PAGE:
Looking back at these events now, we call them the events of salvation. It was that Jesus remained silent during this time and that He did not defend Himself that left people perplexed, or trying to test His power in order to push Him to take an Action. But Jesus did not want to show the Wonderful power of His Judgment. Instead, He chose the Power of Silence in order to reveal the Omnipotent Power of His Redemption for us, and to die on the Cross. This is the Mystery of Love, the Mystery that the Church at Mass calls: The Mystery of Faith, “Mysterium Fidei.”
So what can I call the noise that the people made at the time of the Condemnation of Christ besides a lie? Besides being an unjust call and a crime? Besides being a false accusation and a harsh animosity against the innocent One who came to reveal God’s love for us? I call it the “Syndrome of the Anthropos” or the Syndrome of mortal Adam. Humanity is afraid of silence. Silence is death for the weak Adam who is mortal. Applying this to the social traditions of funerals in western societies, Cardinal Sarah says: “The western world ends up disguising death so as to make it acceptable and joyful. The moment of demise becomes a noisy moment in which true silence is lost in weak, useless words expressing compassion” (Robert, Cardinal Sarah, The Power of Silence, p. 230).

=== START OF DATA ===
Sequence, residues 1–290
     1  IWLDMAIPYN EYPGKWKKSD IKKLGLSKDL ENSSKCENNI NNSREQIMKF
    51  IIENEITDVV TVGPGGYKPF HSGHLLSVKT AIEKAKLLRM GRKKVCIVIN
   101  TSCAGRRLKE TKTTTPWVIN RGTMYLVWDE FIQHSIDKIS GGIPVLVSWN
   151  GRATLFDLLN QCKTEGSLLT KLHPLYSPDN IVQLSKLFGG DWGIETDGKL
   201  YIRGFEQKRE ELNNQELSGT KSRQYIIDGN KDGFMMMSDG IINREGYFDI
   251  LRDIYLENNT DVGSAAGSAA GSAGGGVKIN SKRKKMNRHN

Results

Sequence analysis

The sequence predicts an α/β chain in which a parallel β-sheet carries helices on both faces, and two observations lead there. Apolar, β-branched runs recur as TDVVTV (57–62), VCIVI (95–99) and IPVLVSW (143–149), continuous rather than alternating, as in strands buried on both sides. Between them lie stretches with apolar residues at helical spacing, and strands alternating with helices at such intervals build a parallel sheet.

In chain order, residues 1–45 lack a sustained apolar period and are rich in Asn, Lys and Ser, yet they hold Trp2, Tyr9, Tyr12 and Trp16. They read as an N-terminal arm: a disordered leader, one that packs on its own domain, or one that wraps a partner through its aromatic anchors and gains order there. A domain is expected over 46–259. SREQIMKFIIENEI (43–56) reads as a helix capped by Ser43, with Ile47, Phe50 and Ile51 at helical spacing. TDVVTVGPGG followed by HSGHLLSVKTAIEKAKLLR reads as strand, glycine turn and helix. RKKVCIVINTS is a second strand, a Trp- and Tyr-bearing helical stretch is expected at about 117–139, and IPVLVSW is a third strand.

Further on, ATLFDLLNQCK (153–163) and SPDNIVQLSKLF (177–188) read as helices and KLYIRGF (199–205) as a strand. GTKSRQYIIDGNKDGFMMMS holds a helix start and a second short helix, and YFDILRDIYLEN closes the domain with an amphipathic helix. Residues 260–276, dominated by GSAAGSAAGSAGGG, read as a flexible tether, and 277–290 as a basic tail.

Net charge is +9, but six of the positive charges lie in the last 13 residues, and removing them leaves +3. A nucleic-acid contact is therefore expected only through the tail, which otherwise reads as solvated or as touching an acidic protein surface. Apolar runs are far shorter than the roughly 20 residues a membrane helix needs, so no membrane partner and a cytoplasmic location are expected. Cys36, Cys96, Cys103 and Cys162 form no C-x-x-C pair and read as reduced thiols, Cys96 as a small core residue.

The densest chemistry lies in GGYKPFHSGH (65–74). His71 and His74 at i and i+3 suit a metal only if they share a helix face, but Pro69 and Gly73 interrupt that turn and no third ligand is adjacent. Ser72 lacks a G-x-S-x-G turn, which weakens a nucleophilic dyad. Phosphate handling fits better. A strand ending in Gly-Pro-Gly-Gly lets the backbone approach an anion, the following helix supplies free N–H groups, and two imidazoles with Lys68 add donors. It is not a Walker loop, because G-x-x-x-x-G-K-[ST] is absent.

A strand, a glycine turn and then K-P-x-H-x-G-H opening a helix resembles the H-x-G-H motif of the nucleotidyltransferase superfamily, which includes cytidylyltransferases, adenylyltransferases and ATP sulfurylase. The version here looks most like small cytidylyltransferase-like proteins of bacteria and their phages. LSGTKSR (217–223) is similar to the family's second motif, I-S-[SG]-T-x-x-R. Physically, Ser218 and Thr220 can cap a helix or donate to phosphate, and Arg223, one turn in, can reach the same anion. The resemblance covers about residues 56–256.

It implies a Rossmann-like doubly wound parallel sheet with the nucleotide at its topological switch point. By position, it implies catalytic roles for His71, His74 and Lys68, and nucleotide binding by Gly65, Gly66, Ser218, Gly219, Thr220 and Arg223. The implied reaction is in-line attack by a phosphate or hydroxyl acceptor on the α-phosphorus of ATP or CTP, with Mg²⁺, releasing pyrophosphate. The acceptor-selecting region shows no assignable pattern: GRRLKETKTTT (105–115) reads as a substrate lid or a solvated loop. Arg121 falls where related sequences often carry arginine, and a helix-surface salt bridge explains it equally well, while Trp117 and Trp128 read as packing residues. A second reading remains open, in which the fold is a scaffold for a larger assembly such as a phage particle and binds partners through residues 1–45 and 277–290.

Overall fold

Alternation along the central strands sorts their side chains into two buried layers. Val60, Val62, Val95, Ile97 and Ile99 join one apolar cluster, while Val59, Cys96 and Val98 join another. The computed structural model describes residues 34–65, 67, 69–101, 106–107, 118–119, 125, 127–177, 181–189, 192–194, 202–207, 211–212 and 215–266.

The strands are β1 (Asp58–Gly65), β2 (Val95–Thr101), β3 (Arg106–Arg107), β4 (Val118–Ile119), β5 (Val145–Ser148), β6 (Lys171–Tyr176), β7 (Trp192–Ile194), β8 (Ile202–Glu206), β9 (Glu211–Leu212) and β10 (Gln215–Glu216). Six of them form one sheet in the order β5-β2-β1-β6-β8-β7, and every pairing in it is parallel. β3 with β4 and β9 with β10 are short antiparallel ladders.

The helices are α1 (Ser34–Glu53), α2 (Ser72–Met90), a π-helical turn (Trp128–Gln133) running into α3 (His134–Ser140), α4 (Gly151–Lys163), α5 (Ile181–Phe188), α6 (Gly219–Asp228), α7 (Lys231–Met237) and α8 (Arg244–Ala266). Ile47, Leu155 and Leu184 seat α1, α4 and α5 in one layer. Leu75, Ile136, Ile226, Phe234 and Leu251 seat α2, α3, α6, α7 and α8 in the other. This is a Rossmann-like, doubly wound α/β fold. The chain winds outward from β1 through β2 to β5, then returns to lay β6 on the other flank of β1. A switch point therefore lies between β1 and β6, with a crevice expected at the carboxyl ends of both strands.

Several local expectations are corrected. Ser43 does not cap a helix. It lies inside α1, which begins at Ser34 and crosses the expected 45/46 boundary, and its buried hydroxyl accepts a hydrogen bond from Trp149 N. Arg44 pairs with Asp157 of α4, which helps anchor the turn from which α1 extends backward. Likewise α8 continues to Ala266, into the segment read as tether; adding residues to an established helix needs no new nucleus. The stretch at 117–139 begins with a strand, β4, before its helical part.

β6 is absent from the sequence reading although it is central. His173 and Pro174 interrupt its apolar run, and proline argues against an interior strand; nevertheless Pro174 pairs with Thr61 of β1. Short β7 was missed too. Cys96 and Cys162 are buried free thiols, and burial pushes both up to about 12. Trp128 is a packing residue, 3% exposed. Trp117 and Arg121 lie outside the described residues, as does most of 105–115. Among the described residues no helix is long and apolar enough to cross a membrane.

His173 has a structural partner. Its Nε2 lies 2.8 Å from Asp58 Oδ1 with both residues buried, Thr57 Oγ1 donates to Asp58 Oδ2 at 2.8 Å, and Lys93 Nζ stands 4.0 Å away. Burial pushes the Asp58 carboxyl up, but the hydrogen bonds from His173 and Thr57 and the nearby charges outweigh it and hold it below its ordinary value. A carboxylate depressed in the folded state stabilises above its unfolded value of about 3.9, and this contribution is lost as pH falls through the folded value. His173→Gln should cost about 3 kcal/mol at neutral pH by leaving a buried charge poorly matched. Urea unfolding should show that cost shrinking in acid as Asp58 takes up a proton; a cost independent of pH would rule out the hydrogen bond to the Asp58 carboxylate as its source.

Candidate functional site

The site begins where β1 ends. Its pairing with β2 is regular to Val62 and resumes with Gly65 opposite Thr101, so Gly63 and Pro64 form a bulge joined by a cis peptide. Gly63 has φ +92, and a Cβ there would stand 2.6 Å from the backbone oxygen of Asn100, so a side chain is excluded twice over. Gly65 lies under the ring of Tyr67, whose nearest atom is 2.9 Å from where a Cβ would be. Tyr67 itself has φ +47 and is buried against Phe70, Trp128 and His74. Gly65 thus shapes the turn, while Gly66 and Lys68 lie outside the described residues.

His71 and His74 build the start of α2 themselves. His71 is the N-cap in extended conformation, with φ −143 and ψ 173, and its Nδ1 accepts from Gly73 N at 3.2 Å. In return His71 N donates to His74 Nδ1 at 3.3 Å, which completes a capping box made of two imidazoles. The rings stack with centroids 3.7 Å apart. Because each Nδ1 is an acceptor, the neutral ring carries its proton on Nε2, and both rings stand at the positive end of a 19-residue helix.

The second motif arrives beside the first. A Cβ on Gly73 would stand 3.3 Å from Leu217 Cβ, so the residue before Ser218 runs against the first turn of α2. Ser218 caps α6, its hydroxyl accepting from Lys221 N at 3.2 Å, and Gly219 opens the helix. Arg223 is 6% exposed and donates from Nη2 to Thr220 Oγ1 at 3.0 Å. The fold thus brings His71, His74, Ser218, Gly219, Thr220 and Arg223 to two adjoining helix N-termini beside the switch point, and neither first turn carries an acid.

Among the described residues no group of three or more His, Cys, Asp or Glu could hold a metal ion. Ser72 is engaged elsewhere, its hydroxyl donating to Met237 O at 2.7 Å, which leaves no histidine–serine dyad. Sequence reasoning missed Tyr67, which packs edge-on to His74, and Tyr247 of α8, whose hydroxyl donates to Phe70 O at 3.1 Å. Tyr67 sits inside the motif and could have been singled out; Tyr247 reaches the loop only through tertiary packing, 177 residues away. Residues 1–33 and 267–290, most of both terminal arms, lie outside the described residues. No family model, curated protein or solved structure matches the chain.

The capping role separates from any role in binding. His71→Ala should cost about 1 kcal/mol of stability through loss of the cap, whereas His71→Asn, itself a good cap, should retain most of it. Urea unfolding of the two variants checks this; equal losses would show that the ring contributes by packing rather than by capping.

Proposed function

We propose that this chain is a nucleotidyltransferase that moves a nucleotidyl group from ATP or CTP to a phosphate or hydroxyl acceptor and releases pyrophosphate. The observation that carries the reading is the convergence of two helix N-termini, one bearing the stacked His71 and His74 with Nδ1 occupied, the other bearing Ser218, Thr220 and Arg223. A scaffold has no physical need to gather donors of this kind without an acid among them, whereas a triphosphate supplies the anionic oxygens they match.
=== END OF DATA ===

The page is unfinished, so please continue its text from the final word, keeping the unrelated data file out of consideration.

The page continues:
This makes me conclude that the world reacts to silence with neurotic fears of the silence. The noise of the world against the truth of the sanctity of life is a syndrome of existential fear that overwhelmingly reigns in the insecure humanity who fears death and does not want to leave this earth. It is the response to the lack of Faith, Hope, and Love and not trusting in Jesus’ promises.